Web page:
The next step is to break down your anchor keys with some other keys. This is where you build in arcs, breathing, extra thinking poses, head turns. Basically flesh it out-- you really need to be planning ahead for what your eventually going to tie down. Ultimately it's the performance your after but if something is so indecernable (a.k.a so stinking rough and off-model) that you are having an impossible time tying it down maybe you ought to complete your ruffs a little more before you go to tie down. everyones different of course, but i know I've learned a lot from this phrase "Value your ruffs". It's a Glen Keane term not surprisingly-- Some animators treat their ruffs as a means to an end... no no no no, ruffs are an art unto themselves! why do you thinkeveryone loves a good Glen Keane ruff... it's his heart and soul that's why! I digress!

So basically all your doing from here on out the end of the first pass is fleshing things out a bit. You dont want to waiste your time on details that don't matter yet, but you do want to give enough information to tell your director what the shot will eventually look like.

Incidentally, the sooner you can get some numbers going on your animation (i.e timing) the better!

Okee doke peoples! That's it for now-- i do plan on taking a little break from this online teaching stuff for a little bit since it's gonna take me a long time to tie this stuff down on top of work and stuff. So, i might post here and there about some other stuff but rest assured i will finish this series. Looking forward to completing it! take it easy!

24 comments:

K McLeod said...

Matt

Thanks for the update, this post made the light bulb click ver my head on timing and x-sheets.

Kevin

yeahbaby3006 said...
This comment has been removed by a blog administrator.
AkinYaman said...

we are watching matt's posts with no blink at all...

louis said...

thank you for your teaching, it 's really helpfull to see the work growing step by step with explanation...

St John Street said...

great info once again Matt just love that your going through this step by step take care!!!

Ian Worrel said...

This is great, thanks for the off-season instruction Matt. Steve's bear was my favorite character in the entire open show.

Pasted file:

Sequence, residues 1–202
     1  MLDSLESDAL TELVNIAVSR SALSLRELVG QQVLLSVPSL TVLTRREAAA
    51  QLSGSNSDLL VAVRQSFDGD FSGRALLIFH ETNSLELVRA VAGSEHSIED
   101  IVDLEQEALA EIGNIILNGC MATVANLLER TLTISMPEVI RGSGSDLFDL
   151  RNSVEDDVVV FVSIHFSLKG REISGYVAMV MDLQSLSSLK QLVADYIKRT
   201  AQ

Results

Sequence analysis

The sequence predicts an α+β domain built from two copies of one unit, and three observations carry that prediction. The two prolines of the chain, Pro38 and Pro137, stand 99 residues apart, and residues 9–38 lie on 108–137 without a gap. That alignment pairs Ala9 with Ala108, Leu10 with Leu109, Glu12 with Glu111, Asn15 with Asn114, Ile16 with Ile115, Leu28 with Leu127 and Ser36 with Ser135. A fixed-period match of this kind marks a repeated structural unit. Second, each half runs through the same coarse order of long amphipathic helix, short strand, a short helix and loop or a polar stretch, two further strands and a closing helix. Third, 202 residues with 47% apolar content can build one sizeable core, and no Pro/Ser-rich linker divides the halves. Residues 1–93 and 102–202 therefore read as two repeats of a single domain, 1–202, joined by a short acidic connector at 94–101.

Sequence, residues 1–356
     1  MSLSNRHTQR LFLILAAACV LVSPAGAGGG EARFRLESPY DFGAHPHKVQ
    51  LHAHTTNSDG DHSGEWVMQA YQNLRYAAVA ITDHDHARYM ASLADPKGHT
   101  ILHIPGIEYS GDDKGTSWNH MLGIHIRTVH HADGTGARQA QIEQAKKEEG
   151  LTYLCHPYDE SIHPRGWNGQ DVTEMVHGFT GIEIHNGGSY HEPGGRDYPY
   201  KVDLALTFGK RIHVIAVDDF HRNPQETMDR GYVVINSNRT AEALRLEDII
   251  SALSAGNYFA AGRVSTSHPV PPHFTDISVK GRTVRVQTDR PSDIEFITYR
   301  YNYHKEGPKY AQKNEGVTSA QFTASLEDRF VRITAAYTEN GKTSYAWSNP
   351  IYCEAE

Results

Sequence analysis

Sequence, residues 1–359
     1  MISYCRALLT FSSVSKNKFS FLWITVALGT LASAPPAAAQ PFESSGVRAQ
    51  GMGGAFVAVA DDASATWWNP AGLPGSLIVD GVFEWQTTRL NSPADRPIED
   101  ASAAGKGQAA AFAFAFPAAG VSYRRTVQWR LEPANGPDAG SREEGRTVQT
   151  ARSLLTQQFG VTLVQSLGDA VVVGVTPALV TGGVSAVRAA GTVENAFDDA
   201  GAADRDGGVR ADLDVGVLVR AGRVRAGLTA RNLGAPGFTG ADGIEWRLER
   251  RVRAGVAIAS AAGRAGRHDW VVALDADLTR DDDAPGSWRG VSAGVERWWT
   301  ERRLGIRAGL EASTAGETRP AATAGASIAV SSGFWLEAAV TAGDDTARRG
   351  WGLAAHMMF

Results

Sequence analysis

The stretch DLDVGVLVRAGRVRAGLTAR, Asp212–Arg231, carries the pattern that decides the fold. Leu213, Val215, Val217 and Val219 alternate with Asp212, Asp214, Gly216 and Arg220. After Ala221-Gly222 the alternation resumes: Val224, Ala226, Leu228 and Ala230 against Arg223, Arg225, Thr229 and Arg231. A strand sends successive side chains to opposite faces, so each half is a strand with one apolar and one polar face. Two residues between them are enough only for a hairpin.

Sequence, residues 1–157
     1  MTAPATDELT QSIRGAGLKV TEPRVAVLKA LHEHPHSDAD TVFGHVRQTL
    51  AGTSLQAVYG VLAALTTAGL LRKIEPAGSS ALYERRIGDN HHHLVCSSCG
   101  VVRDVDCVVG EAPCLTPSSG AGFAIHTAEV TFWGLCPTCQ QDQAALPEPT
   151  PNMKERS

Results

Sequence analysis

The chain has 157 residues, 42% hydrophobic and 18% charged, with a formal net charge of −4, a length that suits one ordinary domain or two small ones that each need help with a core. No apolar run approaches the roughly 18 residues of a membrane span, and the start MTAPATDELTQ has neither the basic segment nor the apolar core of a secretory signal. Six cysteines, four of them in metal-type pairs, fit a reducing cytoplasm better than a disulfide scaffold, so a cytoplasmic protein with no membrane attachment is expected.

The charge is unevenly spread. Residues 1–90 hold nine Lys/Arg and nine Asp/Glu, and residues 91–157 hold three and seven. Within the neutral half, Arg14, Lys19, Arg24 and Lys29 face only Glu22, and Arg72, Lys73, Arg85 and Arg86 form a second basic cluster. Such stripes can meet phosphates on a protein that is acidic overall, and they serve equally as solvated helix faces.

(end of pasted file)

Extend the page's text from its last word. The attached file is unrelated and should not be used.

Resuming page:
Matt Williames said...

Kev- no problem, sometimes it helps to see others do it.
Maninflash- I can't say that everytime i do something like "opposing forces" i am always conscious of it. Sometimes i am when i know i need to put it in somewhere. The goal is to become so familiar with drawing and the technical side of animation that you don't think about it and it just becomes second nature while you animate.
Akinya- please blink :), it could be a while before the next post in this series!
Louis and St. John: my pleasure!
Ian: My pleasure. Your film rocked by the way-- was definately one of my favorites from last year. and yeah, Steves got a lot to offer as an artist. His ideas are so fresh!

andy said...

Great stuff Matt, this is golden info on the process of animating, it's greatly appreciated! I look forward to the next lesson :)

danielpeixe said...

This is great! nice and generous info about animating process.Keep up the great work!!

Thanks!!

James L. Cook said...

Doing a great job Matt. This is really engaging.

I was wondering if you could talk about how/what you used to lift the audio for this, and how you exposed it. Would love to see Scans of your X-sheets for this animation, would be a good Visual Aid.

Keep up the great work, just love reading this.

Corey said...

Your tips are really helpful. Thanks for posting, and keep it up!

Matt Williames said...

Hey thanx Andy,Daniel, Corey! i like knowing everyones getting something out of it! Sometimes it just helps to see someone do it, ya know? James Baxter came and animated for us while i was a student at CalArts- seeing someone like him animate really made some lights turn on for me.
Omnigon: I'll be sure to scan my X-sheet in for all of your to see in the near future!

willipino said...

i'm really enjoying these posts. i', looking forward to the next ones.

joto said...

I love to see you sharing the knowledge, animation is a tough one. I am constantly trying to get better and your site will be helpful to any animator indeed. The first time I was told to make my character breathe was an eye opener for sure and is great advise. Can't wait to see more.

Noelia said...

That bear of yours is awesome, I love it. Congratulations for a great job!

Matt Williames said...

Willi: good to see you back at the blog and i'm glad your enjoying it!Joto: I'm glad your getting something form this too! I'm only passing on stuff others have taught me! I'm a firm believer in mentorship because a lot of animators AREN'T! it's a shame--
noelia: this bear isn't my design actually-- i am borrowing him from my talented friend Steve Macleod of www.clockroom.blogspot.com fame!

rngnt99 said...

Awesome!!!! Love this character!!!!